In the Northern Territory, a person can be charged with a summary offence or an indictable offence. Summary offences are minor offences that are finalised in the lower courts. Indictable offences are more serious offences. This page deals with summary offences in the Northern Territory.

Which offences are summary offences?

The Summary Offences Act 1923 contains a lot of offences relating to public order. These include loitering offences, violent disorder, offensive conduct and obscenity.

Traffic offences such as drink driving, dangerous driving and driving whilst disqualified are also summary offences.  

Other NT legislation also contains summary offences.


Summary offences are dealt with in the Local Court where the accused is an adult and in the Children’s Court where the accused is under 18.

Penalty for summary offences

In the NT, the maximum penalty that can be imposed for a single summary offence is imprisonment for two years. Many summary offences carry lesser maximum penalties than this and some are punishable by a fine only.

Limitation period

Summary offences have a limitation period of six months. This means that where more than six months have passed since the date of an offence, the offender cannot be charged.

Will I get a conviction?

Under section 8 of the Sentencing Act 1995, a court may decide not to record a conviction against a person who has been found guilty of an offence based on:

  • The person’s age, character, mental condition, health or criminal history;
  • The extent to which the offence is trivial;
  • The extent to which the offence was committed under extenuating circumstances.

Indictable offences dealt with summarily

In the NT, some indictable offences can be dealt with summarily with the consent of prosecution and defence. When this occurs, the matter is finalised in the lower court and the maximum penalty that applies is much lower than in the Supreme Court.

Indictable offences than can be dealt with summarily include stealing, assault and robbery.

Other indictable offences can only be finalised in the Supreme Court. These offences include murder, manslaughter and sex without consent.

Pleading guilty to summary offences in the NT

If you have been charged with summary offences in the NT, you may want to plead guilty and finalise the matter on the spot. In some situations, though, it can be advisable to adjourn the matter to get legal advice or to gather supporting material such as character references. This can ensure that you are fully informed of the consequences of pleading guilty to the charges and that the court is fully aware of your circumstances.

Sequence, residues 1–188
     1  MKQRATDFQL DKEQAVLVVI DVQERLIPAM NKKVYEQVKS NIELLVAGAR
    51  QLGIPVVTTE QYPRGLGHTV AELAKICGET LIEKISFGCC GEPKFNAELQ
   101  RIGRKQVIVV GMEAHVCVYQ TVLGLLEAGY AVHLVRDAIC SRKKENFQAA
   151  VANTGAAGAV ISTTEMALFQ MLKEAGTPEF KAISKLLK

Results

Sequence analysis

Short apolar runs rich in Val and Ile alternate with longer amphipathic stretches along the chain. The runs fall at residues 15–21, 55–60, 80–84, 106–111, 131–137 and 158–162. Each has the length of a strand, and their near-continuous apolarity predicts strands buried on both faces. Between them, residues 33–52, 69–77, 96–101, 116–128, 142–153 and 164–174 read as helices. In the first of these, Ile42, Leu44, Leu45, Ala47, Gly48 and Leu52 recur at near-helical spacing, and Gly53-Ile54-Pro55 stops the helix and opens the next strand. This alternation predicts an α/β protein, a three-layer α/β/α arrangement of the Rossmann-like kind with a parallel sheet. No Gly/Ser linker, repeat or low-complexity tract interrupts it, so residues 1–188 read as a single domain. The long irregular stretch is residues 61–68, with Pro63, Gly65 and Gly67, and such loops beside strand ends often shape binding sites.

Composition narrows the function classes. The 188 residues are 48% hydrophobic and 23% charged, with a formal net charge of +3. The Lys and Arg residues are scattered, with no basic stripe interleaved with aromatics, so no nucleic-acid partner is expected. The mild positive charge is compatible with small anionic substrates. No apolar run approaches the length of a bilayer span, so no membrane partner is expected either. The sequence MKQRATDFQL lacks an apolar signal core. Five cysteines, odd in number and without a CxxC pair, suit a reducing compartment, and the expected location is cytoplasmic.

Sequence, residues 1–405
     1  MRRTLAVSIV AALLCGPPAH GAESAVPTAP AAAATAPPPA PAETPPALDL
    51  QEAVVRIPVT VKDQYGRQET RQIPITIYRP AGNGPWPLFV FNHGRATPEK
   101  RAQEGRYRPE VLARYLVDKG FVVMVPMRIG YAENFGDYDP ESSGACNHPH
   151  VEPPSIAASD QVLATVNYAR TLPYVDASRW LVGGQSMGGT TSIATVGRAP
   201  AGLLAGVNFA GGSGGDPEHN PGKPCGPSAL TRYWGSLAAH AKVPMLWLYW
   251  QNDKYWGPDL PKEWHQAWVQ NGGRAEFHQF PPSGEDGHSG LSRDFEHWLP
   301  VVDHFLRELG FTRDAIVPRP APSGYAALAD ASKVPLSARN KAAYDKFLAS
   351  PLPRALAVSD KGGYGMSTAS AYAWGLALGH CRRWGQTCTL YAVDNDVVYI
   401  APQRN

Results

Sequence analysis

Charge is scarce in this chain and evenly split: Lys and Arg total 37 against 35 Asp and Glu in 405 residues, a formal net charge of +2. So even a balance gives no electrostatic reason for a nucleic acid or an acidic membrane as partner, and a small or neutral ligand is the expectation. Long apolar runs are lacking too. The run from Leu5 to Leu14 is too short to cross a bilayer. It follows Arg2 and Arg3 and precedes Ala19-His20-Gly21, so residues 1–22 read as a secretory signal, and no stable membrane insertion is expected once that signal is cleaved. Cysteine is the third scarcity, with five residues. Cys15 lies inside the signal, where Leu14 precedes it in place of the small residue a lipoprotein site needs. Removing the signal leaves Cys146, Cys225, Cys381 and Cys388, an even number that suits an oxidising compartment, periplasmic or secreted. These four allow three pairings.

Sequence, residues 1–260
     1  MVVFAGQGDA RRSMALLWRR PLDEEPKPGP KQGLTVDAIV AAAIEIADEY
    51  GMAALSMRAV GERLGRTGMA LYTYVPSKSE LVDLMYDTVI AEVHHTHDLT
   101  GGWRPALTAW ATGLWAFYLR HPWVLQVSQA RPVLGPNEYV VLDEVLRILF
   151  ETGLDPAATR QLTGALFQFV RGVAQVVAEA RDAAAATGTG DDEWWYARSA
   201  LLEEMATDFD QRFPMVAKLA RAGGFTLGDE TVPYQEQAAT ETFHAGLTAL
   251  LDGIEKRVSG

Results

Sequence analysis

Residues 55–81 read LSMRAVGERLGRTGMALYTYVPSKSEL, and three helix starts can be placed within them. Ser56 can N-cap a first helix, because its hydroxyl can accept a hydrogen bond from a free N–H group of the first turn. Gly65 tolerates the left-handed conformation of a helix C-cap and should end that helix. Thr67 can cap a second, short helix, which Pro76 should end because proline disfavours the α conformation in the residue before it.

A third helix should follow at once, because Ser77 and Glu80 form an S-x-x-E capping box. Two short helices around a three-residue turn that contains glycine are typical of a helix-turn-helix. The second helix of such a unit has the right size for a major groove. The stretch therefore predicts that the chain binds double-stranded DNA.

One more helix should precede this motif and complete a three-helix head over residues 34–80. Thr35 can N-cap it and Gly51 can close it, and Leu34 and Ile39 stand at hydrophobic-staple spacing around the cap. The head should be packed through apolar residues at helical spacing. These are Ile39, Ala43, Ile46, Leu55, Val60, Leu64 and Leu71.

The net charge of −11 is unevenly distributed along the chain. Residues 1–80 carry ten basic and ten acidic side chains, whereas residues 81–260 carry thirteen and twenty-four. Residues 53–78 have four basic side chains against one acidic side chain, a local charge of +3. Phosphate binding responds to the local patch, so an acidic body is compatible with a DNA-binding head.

Pleading not guilty to summary offences in the NT

If you have been charged with summary offences in the NT and you want to plead not guilty, you should always obtain legal advice and representation. Go To Court Lawyers can provide you with timely, specialist advice as to:

  • The strength of the case against you
  • Any available defences
  • The likely penalty if you are found guilty
  • The consequences of a conviction

If you plead not guilty in the Local Court, your matter will be allocated a date for a contested hearing. On that date, a magistrate will hear evidence and submissions from prosecution and defence and then decide whether you are guilty of the offence.

If you are found guilty, the magistrate will then decide on the appropriate penalty based on the seriousness of the offence, your circumstances and your criminal history.

If you require legal advice or representation in any legal matter, please contact Go To Court Lawyers.


Fernanda Dahlstrom

Fernanda Dahlstrom has a Bachelor of Laws from Latrobe University, a Graduate Diploma in Legal Practice from the College of Law, a Bachelor of Arts from the University of Melbourne and a Master of Arts (Writing and Literature) from Deakin University. Fernanda practised law for eight years, working in criminal defence, child protection and domestic violence law in the Northern Territory. She also practised in family law after moving to Brisbane in 2016.
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